By: Zach Larimer

1374203_10151975752143764_393012555_nAya Terki has always been the kind of person who refuses to conform. Growing up on Long Island she refused to hide her cultural identity, half Egyptian and half Japanese, to fit in with her predominantly white classmates. As a teenager she decided to go to school to study the cello despite the high value her family and culture put on finding a financially stable career. And now as an adult she is breaking from her traditional classical background to forge her own path as a contemporary cellist where she performs new music for her audiences.

Dressed on a March afternoon in a simple brown sweater and jeans, she lugs her heavy blue cello case on her back. Terki studies her worn Moleskine notebook, listing off the hours of rehearsals she has scheduled for the weekend to make sure she hasn’t double booked herself. She says exhaustion is part of her daily life but you wouldn’t know it from looking at her. Her bubbly personality shines through even while lamenting over her lack of any free time. It is clear that her work is more than just a job.

At just 21 years old Terki has already accomplished much in her career. The New York Times has praised her for her “poised” performances. She founded two contemporary chamber music groups, Echo Chamber and Quartet Do, and she regularly premieres works throughout New York. But with graduation from New York University just two months away, Terki is looking to plan a long-term career. She shares her love of contemporary music, how she balances a hectic schedule, and the struggles of making money as an artist.

Q: When did you start playing the cello and how did you make the switch to contemporary music?
A: I started when I was 6 years old. My mom wanted me to start when I was 5 at the Children’s Music Society out on Long Island but the director said I was too small to play it. I remember watching an episode of Sesame Street and Yo-Yo Ma was a guest star and I thought it looked cool. I started playing contemporary stuff my sophomore year at NYU when I was asked to be in the contemporary ensemble but before then I didn’t really like new music. Like most classical players I just thought “Ew what is this noise?” but I don’t think I was hearing cool new music at the time.

Q: A contemporary musician performs classical pieces written in the modern era utilizing a lot of different techniques and styles. With the cello that means you’ve had to learn new ways of playing that most classical cellists can’t do. What is it about contemporary music that appeals to you?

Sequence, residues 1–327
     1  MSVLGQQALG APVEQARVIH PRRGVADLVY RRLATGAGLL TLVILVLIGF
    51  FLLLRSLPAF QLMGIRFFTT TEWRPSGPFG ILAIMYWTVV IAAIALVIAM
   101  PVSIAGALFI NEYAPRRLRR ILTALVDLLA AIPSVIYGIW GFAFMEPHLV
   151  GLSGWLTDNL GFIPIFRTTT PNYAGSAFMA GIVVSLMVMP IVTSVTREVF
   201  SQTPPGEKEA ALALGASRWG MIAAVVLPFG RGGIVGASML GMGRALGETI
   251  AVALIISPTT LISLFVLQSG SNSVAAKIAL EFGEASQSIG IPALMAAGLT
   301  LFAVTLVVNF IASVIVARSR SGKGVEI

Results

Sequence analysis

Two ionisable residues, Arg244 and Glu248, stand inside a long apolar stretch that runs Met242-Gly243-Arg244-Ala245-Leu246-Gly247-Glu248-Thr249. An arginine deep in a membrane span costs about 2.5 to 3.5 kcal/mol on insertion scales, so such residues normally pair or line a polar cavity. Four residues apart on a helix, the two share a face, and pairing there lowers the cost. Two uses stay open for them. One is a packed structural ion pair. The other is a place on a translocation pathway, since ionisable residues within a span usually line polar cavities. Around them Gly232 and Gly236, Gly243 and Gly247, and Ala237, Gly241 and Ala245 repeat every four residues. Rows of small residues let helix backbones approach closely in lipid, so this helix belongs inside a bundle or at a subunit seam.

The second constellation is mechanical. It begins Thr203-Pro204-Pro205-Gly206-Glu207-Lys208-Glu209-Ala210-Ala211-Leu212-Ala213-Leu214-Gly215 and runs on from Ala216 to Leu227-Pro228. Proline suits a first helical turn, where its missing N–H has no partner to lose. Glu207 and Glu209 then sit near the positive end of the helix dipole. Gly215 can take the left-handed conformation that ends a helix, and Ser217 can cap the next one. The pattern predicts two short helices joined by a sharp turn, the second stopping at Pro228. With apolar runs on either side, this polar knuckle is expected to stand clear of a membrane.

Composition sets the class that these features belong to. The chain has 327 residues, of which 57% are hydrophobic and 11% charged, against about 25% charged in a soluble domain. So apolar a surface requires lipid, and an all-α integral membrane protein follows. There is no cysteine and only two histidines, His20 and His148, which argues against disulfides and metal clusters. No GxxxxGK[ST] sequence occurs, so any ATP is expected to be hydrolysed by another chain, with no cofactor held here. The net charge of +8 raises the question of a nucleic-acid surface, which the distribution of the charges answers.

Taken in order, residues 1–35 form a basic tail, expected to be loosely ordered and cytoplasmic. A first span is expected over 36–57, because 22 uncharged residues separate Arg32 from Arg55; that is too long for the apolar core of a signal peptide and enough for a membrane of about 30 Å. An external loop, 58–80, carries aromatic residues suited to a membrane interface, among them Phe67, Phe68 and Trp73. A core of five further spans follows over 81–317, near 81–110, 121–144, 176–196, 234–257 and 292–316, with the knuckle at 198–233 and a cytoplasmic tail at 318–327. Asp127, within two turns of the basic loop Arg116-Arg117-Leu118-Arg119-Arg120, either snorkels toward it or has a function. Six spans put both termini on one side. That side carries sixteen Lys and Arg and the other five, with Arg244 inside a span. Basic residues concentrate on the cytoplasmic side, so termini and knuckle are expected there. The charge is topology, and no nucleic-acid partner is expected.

A: I like performing new music that hasn’t been played too often because you feel like you’re contributing to an interpretation. If you play something like Bach, that’s been performed hundreds of times it’s a bit frustrating because you can’t really contribute anything new to the piece. With contemporary music I can play it the way I feel it should be played and not worry if I’m right or wrong like you do with classical. I love performing stuff that’s rhythmic and groovy and being on stage and not feeling like I’m playing the cello. People hear the cello and they think “Oh it’s so pretty and nice,” but I want to show it can also be cool. I want it to be something cool!

Q: In a typical week you juggle school, working, rehearsals, and gigs. How do you balance it all and still stay so driven?
A: It has been lots of strict time management. I have my Moleskine planner that I keep my life in and I’d be lost without it. I don’t trust my phone and I always put things in pencil because things change a lot. Part of what drives me is being stubborn. I feel like I have to show everyone that I can do this and as cheesy as it sounds I don’t know what else I’d rather be doing.

Q: What is your ideal job scenario? Would you ever consider going back to strict classical music?
A: I’ve always thought about opening a little cafe that had live music and I’d bake cake pops or something. But hopefully I’d be playing and traveling. I used to think that I always wanted to be touring and never stay in one place. But now I think I’d like to travel while still spending enough days at home to have a life. I definitely wouldn’t do the orchestra thing. I know people who are on that audition route and love it but that lifestyle is just not for me. In a performance there is this journey you go on with a piece and you can really think about the music as a whole but for an audition it’s more about being able to nail a minute of music every time. I’d much rather play music that’s fun to prepare, fun to perform, and fun for an audience.

Q: You’re graduating this semester and most people in the arts are concerned about life after graduation. You have such a specific path that you’ve created but is it possible to have a plan in the music world?
A: My plan is always to have a couple of plans. I try to have control over the things that I can in life so I create the most opportunities but there’s a lot you have no control over. It’s terrifying to think that it’s really hard to make money off of your passion. If I can’t afford school or make money playing right away I want to be able to have a job for a little bit that’s related to the arts.
A: Don’t give up on the idea that you can make money off of your passion but also don’t starve or feel like you’ve failed because you haven’t “made it” yet. You don’t want to end up resenting your passion. It’s also reassuring to know that there are other people still trying to figure it out and everyone is trying to figure it out together. It’s ok. You’re not alone in being like “I don’t know what the hell I’m doing after school.” I don’t think anyone knows what they’re doing.